Guest Column: Defeating The Drug Overdose Epidemic
State Representative Wes Retherford
January 25, 2016
 
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Drug addiction is a vicious cycle that takes a toll on not only the friends and families of the addicted, but local communities as well. In recent years, the amount of overdoses has quickly escalated and become a serious health issue that cannot be ignored.


In 2014, over 2,400 individuals died of unintentional drug overdoses, which is a 17.6 percent increase from the previous year. The primary culprit for this drastic increase, according to the Ohio Department of Health, is the opioid fentanyl. A single dose of an opioid such as fentanyl is all it takes to lead an individual down the path of addiction, which is why action is needed before opioid addictions become the new normal.


At the Ohio House of Representatives, we have been hard at work crafting legislation to end this devastating epidemic. Drug addiction has caused unneeded pain in our Butler County community, and one solution that the Ohio House proposed was House Bill 4. This legislation, which was passed unanimously and has already gone into effect, will increase the availability of the drug naloxone. Naloxone is a key component in the fight against opioids because the medication is able to reverse the effects of an opioid overdose in unprecedented time. By allowing more access to this drug, we are saving lives and providing an out for those suffering from opioid overdose effects.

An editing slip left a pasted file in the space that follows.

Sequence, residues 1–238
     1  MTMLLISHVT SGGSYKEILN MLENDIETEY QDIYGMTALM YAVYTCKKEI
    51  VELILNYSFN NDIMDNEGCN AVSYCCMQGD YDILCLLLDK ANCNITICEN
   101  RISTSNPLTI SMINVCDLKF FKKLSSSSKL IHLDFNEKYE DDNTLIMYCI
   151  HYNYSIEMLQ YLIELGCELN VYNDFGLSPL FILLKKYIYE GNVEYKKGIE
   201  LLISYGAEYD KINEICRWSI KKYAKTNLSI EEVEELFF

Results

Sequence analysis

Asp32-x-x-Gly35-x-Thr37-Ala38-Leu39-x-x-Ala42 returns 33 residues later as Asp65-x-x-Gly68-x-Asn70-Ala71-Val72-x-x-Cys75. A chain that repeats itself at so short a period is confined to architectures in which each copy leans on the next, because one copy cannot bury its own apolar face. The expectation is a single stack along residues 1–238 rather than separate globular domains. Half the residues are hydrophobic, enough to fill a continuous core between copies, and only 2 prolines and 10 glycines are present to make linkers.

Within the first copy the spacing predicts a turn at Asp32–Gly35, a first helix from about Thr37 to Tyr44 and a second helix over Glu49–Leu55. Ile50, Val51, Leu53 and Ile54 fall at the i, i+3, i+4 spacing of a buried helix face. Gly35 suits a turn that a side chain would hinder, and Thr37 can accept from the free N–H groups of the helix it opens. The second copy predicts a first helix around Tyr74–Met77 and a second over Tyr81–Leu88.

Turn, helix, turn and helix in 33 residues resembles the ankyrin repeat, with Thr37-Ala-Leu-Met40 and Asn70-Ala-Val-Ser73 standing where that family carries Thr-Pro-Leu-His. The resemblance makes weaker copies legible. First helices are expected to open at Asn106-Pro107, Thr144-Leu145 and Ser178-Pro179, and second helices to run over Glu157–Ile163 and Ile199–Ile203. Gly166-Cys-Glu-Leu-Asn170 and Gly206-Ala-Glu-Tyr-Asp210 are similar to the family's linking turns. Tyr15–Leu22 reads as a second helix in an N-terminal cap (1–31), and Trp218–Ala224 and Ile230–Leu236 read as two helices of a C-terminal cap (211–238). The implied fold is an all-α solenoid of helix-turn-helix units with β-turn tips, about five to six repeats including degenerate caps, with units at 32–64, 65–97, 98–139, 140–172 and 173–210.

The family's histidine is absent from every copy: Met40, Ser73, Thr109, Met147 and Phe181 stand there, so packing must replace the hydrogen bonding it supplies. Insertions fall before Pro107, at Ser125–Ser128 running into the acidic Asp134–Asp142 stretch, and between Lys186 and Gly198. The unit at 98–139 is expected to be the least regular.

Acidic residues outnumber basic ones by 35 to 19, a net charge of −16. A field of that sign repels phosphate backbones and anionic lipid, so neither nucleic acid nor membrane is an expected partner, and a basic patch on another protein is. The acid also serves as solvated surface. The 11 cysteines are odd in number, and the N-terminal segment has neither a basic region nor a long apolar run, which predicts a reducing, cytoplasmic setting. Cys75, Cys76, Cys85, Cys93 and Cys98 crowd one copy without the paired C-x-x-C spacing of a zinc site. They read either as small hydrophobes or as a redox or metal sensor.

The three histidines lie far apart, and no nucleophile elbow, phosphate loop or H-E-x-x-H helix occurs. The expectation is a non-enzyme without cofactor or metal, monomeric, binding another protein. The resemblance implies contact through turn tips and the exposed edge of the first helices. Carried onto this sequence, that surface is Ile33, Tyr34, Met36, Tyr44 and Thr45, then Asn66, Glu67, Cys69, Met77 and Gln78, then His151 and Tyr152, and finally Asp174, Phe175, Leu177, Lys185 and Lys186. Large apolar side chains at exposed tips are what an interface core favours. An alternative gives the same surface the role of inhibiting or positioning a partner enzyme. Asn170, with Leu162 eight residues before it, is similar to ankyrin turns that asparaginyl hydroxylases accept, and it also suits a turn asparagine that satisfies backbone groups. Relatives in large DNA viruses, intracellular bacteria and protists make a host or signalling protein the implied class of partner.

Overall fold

Additionally, the Ohio House also passed House Bill 64, which gives $11 million, over the next two years, to the Medical Assisted Treatment (MAT) program. This program uses medical treatment and an addiction evaluation to help individuals battling addiction get their life back. The MAT program also helps the victim to get in touch with a social worker, as well as providing them with an abundance of resources to live independently of opioids. This program has a proven track record and I know it will impact our community in a positive way, especially with much needed funding.


I believe HB 4 and HB 64 will put Ohio on the right track to success and provide the best support to those struggling with this epidemic. We have already seen positive results from legislation aimed at tackling this issue, and I am hopeful that the two most recent legislative changes will continue to help individuals avoid falling victim to opioids. Breaking the addiction cycle is the key to solving this issue in Ohio, which is why I will continue to support efforts to defeat opioid addiction in the 51st House District.


As always, I welcome any feedback you may have on the opioid epidemic, or any other issue facing Ohio. Please do not hesitate to contact me at (614) 644-6721 or Rep51@ohiohouse.gov.


 

 
 
 
  
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